Off track questions (FizzBuzz, Javascript (Printing Prime Numbers) - For - loop)


#1

Hi everyone, have you guys tried the Code Year Track?

I have a question to ask regarding FizzBuzz, The Art of Looping, Lesson 6: Free Play

https://www.codecademy.com/en/courses/fizzbuzz/0/6

I'm trying to find the answer for this question below, using for loop.

Printing all the prime numbers between 0 and 100 (this is a tricky one!)

I can't post the question in Javascript section cuz there's no FizzBuzz section for me to post. And I don't want to post in wrong category, tried the search but can't find any relevant answer except for the FizzBuzz python course (which I haven't started yet).

Could anyone help please? :sweat:

Thanks @mtf, was quite lost on where to post this question.


Bonus Codecademy Courses
#2

You're welcome. Do you have some sample code to look at?


#3

Unfortunately, no. What I got from the hint is below:

To print out the primes, add logic to your code block that checks whether each value of counter is prime, and prints it if it is. You may need to put another for loop inside the first one!

This is a tricky one, so if you don't see how to do it now, come back once you've had more practice.

I have in mind about using if & else if & else.. like checking if it's an even number, else if divisible by 3, else if divisible by 5 & 7 etc. I guess that's the way to answer this question? But I need to read is there a better solution?

What more is that, I don't understand about this:

You may need to put another for loop inside the first one!

I have been cranking my mind to think of a way to put for loop in another for loop.

Maybe I don't have better understanding yet. I started Javascript through the old Code Year track, only then to realize that there's another two Javascript track, one old, one new.

These 3 tracks materials differ with each other. I am hoping to finish all 3 to get better grasp, but can't wrap my head around this lesson and move on from it.

(Note: I passed that lesson, since they ask for other simple submission, but I just need an answer for my self reference, to understand the anatomy of more complex code)

Sorry for the detailed post. I need to learn to cut it down short. Thanks for your time. :disappointed_relieved:


#4

There are a number of very efficient approaches for testing primeness or generating a list of primes within a given range. Rather than expound upon the best ways, let’s start with a basic brute force approach.

function is_prime(x) {
    if (x < 2 || x % 2 == 0 && x !== 2) return false;
    if (x > 2) {
        for (var n = 3; n < x; n += 2) {
            if (x % n == 0) return false;
        }
    }
    return true;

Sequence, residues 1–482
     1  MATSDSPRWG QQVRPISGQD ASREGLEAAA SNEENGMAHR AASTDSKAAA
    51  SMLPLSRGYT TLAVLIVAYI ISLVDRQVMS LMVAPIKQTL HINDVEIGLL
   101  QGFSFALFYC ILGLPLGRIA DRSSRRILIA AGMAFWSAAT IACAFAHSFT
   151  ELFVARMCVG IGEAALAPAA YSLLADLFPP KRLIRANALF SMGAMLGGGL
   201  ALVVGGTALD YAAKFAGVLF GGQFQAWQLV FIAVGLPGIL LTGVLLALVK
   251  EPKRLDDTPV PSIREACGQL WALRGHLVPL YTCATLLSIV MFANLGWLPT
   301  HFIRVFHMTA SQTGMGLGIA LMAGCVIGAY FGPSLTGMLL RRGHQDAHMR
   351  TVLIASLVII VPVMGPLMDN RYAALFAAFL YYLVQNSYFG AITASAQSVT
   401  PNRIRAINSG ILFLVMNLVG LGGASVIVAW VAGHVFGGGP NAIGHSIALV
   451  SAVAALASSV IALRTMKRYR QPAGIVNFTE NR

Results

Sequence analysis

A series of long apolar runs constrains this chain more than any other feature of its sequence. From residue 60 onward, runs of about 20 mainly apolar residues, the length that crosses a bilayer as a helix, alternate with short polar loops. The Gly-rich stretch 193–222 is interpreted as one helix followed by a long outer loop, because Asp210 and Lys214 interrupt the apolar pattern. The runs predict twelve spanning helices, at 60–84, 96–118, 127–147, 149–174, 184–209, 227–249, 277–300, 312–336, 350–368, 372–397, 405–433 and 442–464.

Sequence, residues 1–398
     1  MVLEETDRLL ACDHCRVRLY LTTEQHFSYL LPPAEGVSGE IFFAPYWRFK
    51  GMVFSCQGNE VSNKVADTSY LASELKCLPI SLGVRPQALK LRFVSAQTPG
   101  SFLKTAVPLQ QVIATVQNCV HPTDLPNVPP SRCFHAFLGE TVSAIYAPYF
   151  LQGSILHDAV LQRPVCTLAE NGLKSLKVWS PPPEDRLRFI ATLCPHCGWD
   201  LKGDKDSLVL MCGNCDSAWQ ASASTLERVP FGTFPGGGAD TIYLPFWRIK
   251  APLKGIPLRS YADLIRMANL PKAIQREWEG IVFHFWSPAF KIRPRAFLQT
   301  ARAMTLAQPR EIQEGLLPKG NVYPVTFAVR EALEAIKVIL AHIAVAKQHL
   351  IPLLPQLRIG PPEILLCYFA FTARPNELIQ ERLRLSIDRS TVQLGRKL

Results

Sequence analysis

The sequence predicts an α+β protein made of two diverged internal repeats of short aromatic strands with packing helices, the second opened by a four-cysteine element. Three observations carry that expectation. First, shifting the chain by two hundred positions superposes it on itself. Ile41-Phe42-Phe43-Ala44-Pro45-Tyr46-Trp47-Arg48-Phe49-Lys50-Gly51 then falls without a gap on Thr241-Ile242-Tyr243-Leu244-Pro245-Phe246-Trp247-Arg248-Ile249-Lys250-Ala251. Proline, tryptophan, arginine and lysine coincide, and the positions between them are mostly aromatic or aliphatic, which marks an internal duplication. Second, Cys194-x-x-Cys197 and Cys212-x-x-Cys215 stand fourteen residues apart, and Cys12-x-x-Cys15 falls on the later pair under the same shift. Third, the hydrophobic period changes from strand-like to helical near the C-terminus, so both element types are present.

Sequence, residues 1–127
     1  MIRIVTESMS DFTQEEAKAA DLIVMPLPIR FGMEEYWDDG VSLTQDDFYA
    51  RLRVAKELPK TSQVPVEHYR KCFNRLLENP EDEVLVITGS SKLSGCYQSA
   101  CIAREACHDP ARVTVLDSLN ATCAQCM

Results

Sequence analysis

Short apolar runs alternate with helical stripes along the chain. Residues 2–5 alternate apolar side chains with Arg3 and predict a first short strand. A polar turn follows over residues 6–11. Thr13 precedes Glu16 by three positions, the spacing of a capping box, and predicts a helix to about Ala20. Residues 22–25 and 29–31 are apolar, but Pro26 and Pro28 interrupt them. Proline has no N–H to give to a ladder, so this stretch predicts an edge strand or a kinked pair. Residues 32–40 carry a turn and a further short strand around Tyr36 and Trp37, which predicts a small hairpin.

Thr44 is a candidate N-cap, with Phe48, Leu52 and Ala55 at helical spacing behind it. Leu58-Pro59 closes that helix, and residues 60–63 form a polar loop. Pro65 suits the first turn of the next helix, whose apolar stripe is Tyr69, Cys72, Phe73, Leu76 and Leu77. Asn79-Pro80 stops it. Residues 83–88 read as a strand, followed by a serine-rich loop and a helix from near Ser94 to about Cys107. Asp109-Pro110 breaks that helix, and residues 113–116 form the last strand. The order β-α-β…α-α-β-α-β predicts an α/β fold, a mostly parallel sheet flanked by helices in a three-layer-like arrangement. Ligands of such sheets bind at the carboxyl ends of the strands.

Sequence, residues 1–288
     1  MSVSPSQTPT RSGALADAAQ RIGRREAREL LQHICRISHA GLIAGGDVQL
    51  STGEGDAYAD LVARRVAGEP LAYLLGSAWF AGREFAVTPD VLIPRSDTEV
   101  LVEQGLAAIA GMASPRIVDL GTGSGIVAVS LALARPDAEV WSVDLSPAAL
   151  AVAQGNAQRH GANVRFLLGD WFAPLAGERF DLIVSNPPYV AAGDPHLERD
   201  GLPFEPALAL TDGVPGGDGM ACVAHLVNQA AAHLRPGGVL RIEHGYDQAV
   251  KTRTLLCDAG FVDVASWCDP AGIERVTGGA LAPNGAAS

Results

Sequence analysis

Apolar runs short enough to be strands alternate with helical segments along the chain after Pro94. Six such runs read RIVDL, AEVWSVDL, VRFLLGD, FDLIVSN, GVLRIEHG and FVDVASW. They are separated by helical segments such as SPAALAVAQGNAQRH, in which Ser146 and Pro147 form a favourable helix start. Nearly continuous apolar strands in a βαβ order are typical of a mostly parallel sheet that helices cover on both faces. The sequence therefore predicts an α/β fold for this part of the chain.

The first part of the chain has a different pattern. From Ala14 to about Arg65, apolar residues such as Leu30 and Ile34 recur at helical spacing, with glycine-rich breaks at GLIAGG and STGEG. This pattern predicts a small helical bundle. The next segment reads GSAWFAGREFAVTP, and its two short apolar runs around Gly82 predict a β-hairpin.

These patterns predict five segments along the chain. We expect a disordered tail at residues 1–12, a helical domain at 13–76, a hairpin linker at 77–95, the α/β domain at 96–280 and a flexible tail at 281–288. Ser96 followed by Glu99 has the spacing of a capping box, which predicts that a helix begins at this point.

}

for (var i = 0; i < 101; i++) {
    if (is_prime(i)) {
        console.log(i);
    }
}
Code
// Brute force primes in range 0..100

function is_prime(x) {
    if (x < 2 || x % 2 === 0 && x !== 2) return false;
    if (x > 2) {
        for (var n = 3; n < x; n += 2) {
            if (x % n === 0) return false;
        }
    }
    return true;
}

for (var i = 0; i < 101; i++) {
    if (is_prime(i)) {
        console.log(i);
    }
}

As stated, this is brute force without consideration of optimum range or other advanced approaches. I’ll leave that for you to take up.

Notes

x < 2

No primes less than 2.

x % 2 == 0 && x !== 2

No even primes except 2.

x > 2

This lets 2 slip to the return true line.

for (var n = 3; n < x; n += 2)

Primes are odd (except 2) so we iterate only the odd numbers.

if (x % n == 0) return false;

Primes are not divisible by anything but 1 and themselves.

On completion of the loop, the number is not divisible, so returns true.


#5

Here is an incentive to explore with:

var sieve = new Array(101);
var j, i = 101;
while (i-- > 2) {
    sieve[i] = 1;
}
sieve[0] = 0;
sieve[1] = 0;
for (i = 2; i < 8; i++) {
    j = i;
    while (j + i < 101) {
        j += i;
        sieve[j] = 0;        
    }
}

for (i = 0; i < sieve.length; i++) {
    if (sieve[i]) {
        console.log(i);
    }
}

The above is an elementary sieve. We start with an array that has all values set to 1, which casts to true in a conditional. The stack is set to all true. We then manually set the zeroth and first elements to 0, since the cannot possibly be primes.

We’re only going up to primes up to 100 so we do not really need to re-add a number greater the closest prime to the square root of 100, which is 7. The numbers between 2 and 7, both inclusive, when sequenced over the distance to 100 will land on every index that is not prime. Note that we never start on the number, but number plus itself.